A person’s nutrition status is a direct measure of health. SoutheastHEALTH Lead Clinical Dietitian Laurie Carlton, MS, RD, LD, is well aware of the importance of good nutrition and the detrimental effects of malnutrition, particularly in the hospital setting.
“As a clinical dietitian at SoutheastHEALTH with almost 11 years of working in the critical care setting and oncology unit, I have witnessed firsthand the effects malnutrition can have on patient outcomes,” Carlton says.
With all of this in mind, Carlton pursued a Governor’s Proclamation declaring the week of September 19 through 23 Malnutrition Awareness Week in Missouri. She notes that Malnutrition Awareness Week was launched in 2012 by the American Society for Parenteral and Enteral Nutrition, a community of dietitians, pharmacists, nurses, physicians and others who are committed to the improvement of patient care.
“Not all states recognize this week, and I wanted Governor Mike Parson’s help in bringing more awareness to this issue in Missouri,” she says. “I hope this will influence policy discussions, increase public awareness, allow for stronger and earlier nutrition interventions and encourage people to discuss their nutrition status with healthcare professionals.”
At Southeast Hospital, Carlton explains that patients are screened for malnutrition within 24 hours of hospitalization using thorough nutrition assessments and nutrition-focused physical exams. Through early detection, nutrition interventions, monitoring and transition of care plans for patients identified as malnourished, patient outcomes are improved, length of hospital stays decreases, 30-day readmission rates decrease, the risk of pressure injuries is reduced and there is a reduction in post-op complications.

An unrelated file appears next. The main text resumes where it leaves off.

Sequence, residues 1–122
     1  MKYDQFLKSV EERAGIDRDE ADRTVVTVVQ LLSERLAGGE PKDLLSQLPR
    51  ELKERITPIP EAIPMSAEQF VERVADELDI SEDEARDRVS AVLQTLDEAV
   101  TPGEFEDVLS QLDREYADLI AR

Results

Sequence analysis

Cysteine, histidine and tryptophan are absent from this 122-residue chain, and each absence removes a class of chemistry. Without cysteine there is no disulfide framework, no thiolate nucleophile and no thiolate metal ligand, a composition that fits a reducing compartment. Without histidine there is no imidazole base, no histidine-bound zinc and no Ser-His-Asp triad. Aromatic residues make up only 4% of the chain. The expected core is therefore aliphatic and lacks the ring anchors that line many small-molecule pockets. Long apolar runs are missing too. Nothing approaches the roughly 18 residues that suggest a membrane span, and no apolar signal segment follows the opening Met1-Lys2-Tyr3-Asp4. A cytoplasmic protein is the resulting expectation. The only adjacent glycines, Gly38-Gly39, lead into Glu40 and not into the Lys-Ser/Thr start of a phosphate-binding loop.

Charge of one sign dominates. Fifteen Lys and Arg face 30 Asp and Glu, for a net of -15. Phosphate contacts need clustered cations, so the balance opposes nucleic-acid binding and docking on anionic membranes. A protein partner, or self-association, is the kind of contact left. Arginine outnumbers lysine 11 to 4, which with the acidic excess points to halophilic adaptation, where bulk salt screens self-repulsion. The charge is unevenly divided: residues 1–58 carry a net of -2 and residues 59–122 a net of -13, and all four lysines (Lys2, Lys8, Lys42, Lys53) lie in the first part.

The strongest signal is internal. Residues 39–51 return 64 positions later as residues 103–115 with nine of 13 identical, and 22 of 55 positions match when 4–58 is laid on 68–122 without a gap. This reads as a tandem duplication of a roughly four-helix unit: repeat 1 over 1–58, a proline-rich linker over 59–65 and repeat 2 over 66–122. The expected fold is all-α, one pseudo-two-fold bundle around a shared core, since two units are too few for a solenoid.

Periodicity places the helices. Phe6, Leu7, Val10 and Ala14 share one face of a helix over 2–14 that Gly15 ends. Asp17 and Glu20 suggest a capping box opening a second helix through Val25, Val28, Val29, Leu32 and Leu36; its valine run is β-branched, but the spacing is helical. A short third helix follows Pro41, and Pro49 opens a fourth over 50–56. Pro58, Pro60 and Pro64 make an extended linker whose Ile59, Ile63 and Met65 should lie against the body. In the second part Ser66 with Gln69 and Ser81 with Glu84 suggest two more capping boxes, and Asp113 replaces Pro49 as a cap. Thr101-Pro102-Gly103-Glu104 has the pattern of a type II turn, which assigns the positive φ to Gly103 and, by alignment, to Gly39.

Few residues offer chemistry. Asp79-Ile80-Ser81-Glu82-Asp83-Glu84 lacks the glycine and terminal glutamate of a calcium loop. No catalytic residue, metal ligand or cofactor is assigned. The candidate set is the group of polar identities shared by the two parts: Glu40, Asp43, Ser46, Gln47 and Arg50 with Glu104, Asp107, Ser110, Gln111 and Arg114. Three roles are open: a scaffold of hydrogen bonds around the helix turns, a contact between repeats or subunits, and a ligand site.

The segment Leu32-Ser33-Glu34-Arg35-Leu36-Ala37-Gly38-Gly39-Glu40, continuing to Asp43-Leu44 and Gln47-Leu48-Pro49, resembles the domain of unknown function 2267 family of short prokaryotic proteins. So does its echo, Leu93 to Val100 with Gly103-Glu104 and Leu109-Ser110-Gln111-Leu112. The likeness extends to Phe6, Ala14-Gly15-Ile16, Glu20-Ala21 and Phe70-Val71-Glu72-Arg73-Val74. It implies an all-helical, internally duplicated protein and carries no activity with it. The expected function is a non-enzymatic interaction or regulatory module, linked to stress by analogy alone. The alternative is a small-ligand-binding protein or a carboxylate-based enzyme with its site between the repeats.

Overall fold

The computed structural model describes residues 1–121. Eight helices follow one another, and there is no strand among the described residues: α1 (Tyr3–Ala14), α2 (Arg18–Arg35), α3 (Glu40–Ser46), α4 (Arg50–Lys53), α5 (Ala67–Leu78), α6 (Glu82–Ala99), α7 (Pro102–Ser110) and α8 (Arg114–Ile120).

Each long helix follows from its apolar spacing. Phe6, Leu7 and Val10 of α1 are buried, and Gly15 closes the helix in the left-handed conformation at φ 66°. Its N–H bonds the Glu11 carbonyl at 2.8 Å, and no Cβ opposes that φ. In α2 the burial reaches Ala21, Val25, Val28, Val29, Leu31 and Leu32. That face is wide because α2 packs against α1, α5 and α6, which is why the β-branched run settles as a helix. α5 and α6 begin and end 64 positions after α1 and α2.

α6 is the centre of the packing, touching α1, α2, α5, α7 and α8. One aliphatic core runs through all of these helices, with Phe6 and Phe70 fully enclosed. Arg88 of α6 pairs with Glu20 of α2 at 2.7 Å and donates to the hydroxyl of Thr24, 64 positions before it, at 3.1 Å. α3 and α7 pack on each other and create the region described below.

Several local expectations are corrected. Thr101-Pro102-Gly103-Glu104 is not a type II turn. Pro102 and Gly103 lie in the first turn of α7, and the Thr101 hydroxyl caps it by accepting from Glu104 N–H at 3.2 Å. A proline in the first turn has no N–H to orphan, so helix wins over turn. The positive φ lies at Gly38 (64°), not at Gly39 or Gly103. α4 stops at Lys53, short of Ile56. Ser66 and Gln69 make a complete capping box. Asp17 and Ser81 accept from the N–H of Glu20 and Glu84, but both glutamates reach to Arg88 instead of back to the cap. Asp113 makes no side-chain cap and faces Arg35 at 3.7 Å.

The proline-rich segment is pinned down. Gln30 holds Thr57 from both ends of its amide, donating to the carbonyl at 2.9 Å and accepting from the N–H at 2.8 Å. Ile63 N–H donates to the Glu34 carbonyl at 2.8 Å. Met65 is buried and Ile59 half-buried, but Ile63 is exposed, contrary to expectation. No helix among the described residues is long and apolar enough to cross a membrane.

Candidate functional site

Adults age 65 and over have the highest rate of malnutrition and are the most likely to be hospitalized, Carlton adds. At Southeast Hospital, a total of 496 patients were diagnosed with malnutrition from January 2021 through August 2022. She stresses the importance of screening and early diagnosis, adding that malnutrition affects 25 to 54 percent of hospitalized adults in the U.S., but is underdiagnosed and only recorded for about 8 percent of patients.
Southeast also screens patients to determine food insecurity issues. Those who are identified receive a box of food from the hospital-based Heroes of Hope food pantry to take home with them upon discharge. Through a grant and partnership with the SEMO Food Bank, two weeks of food is provided and patients are connected with other food assistance services within their community. Since the pantry became operational in February, over 100 patients have been served.